Learning web application security doesn’t have to be painful. In fact, I think it’s the same as any other topic, and it doesn’t even take that long. There are a few resources that are easy to follow and learn from, especially if you’re only looking to learn web security basics.
Why should developers learn about web application security?
Every application needs to be secure, because every application can and will be attacked in absolutely any way imaginable, particularly as it becomes more popular. There are probably hundreds of ways to attack an application and absolutely anything can be attacked.
So at least knowing how to avoid the most severe security vulnerabilities is essential.
Now, if the company has dedicated security specialists, then perhaps the developers don’t need to know as much. The specialists will be there as backup to say “hey, we need to validate form input here and escape it here”.
However if the company doesn’t have dedicated security specialists, then it’s purely up to us, the developers, to make sure the application is secure. Regardless, even with security specialists, it’s always better for the developers to know security as well. That way we can defend against the most important security vulnerabilities ourselves. Then, security specialists can act as reinforcement rather than our only layer of defence.
How much do we need to know about web application security?
It’s important to know at least some of the basics.
More is better, and the more senior developers and / or architects in a company would probably be expected to know a lot about it.
However, it may not be necessary to know it all. Just like most other things in programming, if we know what we need to be aware of, then we can always look stuff up when we need to. We can also use security checklists, or even bring in third parties and experts to audit our application and give us more instructions.
Resources for learning web application security
Here are the resources I used, in order, to learn web application security as a developer. I found them all very good and I highly recommend them.
I love Frontend Masters. I find their courses to be the best introductions to topics. The web security course with Mike North is no different.
It’s a really good introduction to web security for front end developers. It tackles very important issues. I would only suggest skipping this course if you don’t do front end web development at all.
It’s only a few hours long, so it won’t take very long to complete.
This article is awesome. It’s fairly long and may take anywhere from under an hour to a couple of hours to read.
It teaches the most pressing security issues for web development in general, for both front end and back end. I highly recommend it for everyone.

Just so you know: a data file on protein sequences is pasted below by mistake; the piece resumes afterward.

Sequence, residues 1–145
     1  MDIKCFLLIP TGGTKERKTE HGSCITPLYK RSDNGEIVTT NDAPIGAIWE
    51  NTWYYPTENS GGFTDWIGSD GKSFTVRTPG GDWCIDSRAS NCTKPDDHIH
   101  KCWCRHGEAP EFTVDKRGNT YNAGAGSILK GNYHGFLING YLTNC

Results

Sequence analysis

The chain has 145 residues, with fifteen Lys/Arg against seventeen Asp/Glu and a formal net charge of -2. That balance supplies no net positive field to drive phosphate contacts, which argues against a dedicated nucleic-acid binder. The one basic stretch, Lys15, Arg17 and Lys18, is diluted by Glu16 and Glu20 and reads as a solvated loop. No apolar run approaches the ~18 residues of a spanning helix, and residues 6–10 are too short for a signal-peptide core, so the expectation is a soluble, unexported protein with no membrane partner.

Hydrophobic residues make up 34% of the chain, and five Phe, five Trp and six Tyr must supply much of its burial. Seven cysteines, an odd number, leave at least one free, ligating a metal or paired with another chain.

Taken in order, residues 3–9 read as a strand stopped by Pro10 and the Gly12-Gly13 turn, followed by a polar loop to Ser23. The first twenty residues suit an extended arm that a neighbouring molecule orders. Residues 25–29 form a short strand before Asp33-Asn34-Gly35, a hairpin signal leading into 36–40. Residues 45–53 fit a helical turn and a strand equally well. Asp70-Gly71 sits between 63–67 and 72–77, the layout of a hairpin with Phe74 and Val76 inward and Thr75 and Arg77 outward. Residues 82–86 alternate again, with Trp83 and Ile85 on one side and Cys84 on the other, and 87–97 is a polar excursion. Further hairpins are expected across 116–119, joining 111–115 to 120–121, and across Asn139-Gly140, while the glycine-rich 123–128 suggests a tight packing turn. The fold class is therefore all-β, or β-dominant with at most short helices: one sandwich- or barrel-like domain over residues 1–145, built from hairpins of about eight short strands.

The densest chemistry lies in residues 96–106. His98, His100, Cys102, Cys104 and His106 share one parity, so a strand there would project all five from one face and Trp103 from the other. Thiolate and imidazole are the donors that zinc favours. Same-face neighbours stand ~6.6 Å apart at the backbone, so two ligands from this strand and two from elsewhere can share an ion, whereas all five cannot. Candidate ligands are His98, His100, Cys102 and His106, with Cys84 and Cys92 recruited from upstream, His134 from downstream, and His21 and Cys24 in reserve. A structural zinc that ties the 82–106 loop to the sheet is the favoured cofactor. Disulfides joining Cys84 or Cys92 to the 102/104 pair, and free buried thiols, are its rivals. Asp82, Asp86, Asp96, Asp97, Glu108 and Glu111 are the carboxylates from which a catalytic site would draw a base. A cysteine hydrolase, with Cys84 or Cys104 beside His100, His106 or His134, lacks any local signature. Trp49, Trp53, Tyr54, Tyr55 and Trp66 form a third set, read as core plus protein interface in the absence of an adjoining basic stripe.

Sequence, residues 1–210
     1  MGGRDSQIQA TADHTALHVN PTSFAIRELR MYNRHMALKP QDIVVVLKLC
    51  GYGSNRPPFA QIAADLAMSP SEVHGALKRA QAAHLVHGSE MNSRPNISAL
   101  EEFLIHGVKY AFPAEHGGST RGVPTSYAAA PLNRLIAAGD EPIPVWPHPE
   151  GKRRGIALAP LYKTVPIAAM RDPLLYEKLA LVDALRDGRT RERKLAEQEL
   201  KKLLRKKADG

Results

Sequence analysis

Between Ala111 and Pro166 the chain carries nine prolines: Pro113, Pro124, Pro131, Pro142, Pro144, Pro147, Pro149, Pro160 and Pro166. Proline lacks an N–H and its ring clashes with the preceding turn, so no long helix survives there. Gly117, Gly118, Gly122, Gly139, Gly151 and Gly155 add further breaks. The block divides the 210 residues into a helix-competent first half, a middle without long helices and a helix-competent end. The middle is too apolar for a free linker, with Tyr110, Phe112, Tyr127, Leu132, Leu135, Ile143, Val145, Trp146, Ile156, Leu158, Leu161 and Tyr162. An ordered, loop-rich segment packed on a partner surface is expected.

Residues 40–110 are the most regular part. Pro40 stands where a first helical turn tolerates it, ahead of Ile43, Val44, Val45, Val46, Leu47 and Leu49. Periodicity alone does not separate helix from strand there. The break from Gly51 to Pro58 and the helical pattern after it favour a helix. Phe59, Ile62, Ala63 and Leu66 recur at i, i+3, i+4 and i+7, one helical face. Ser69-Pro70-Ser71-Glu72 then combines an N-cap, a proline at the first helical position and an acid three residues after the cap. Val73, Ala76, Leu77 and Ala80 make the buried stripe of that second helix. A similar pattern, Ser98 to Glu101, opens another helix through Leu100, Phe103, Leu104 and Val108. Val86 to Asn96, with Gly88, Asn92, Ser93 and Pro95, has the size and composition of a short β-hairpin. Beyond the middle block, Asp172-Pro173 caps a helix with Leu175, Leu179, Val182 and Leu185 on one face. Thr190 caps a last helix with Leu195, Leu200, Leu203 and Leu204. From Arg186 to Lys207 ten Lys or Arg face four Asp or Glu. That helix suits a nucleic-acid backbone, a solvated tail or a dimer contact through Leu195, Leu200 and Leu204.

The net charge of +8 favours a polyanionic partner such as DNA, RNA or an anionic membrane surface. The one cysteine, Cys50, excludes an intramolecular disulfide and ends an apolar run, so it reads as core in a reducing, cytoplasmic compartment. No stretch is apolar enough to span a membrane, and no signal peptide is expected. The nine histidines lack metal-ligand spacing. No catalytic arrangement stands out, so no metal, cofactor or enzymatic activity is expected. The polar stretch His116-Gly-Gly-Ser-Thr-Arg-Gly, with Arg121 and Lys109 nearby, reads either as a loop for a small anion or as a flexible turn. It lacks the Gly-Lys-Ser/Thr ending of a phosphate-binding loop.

Also, unless you want to learn web application security quite well, or there is something specific you still want to learn, I think stopping here is alright.
This next one is a lot of work, but if you really want to learn a ton about web application security, go to this page and read through the cheatsheets.
You can skip the ones that aren’t relevant to you. You can also skim read what you want. And you can also just pick one or two and read through them. Anything you read will be useful knowledge. If you’re not sure which ones to read, it might be best to prioritise the ones related to the OWASP top 10.
But overall, this series has probably everything that you would ever need to know about web application security. Anything else is probably best left to security specialists to audit and tell you about.
Also read this page on Security by design principles to understand some of the main principles behind security.
4. References for more details.
The previous resources are more than enough, but if you want any additional details on certain things you can check out:
For example if you wanted to know more about cookies, how they work, and their settings, you can check out the MDN cookies page.
What to do next
Well, I don’t actually have personal experience on how to proceed any further. If anyone in the comments wants to chip in then please go ahead.
However I imagine some of the next steps might be:
- Reading more articles from OWASP.
- Learning about monitoring and alerting tools (such as Splunk), vulnerability scanners (such as Arachni), etc.
- Learning some DevOps. Particularly configuring servers and firewalls.
- Learning some basic penetration testing (search “pentesting challenges and labs”) or even moving towards official cyber security (a wider field than just application security) and penetration testing certifications.
That’s all I’ve got. Please comment if you have any comments or suggestions, particularly if you want to share any more resources that you think would be useful for beginners.
Originally published at https://www.sargalias.com.